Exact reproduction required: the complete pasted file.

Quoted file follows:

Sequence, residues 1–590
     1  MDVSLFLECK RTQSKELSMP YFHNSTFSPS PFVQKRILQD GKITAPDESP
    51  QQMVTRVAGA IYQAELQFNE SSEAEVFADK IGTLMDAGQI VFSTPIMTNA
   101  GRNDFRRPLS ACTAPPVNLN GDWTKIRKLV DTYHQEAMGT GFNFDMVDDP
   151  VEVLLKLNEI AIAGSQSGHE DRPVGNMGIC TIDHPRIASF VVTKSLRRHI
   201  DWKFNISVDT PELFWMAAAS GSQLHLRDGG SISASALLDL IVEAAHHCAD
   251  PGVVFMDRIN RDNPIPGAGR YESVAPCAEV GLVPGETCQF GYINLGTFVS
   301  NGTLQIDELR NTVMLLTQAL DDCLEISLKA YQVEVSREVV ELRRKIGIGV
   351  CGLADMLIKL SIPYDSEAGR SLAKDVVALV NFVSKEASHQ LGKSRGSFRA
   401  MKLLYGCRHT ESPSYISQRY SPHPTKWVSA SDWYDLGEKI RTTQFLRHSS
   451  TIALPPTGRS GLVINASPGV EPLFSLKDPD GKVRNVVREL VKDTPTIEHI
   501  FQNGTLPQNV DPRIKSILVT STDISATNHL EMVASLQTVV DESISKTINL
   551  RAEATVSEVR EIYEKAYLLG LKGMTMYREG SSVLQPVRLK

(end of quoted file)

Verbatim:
Sequence, residues 1–590
     1  MDVSLFLECK RTQSKELSMP YFHNSTFSPS PFVQKRILQD GKITAPDESP
    51  QQMVTRVAGA IYQAELQFNE SSEAEVFADK IGTLMDAGQI VFSTPIMTNA
   101  GRNDFRRPLS ACTAPPVNLN GDWTKIRKLV DTYHQEAMGT GFNFDMVDDP
   151  VEVLLKLNEI AIAGSQSGHE DRPVGNMGIC TIDHPRIASF VVTKSLRRHI
   201  DWKFNISVDT PELFWMAAAS GSQLHLRDGG SISASALLDL IVEAAHHCAD
   251  PGVVFMDRIN RDNPIPGAGR YESVAPCAEV GLVPGETCQF GYINLGTFVS
   301  NGTLQIDELR NTVMLLTQAL DDCLEISLKA YQVEVSREVV ELRRKIGIGV
   351  CGLADMLIKL SIPYDSEAGR SLAKDVVALV NFVSKEASHQ LGKSRGSFRA
   401  MKLLYGCRHT ESPSYISQRY SPHPTKWVSA SDWYDLGEKI RTTQFLRHSS
   451  TIALPPTGRS GLVINASPGV EPLFSLKDPD GKVRNVVREL VKDTPTIEHI
   501  FQNGTLPQNV DPRIKSILVT STDISATNHL EMVASLQTVV DESISKTINL
   551  RAEATVSEVR EIYEKAYLLG LKGMTMYREG SSVLQPVRLK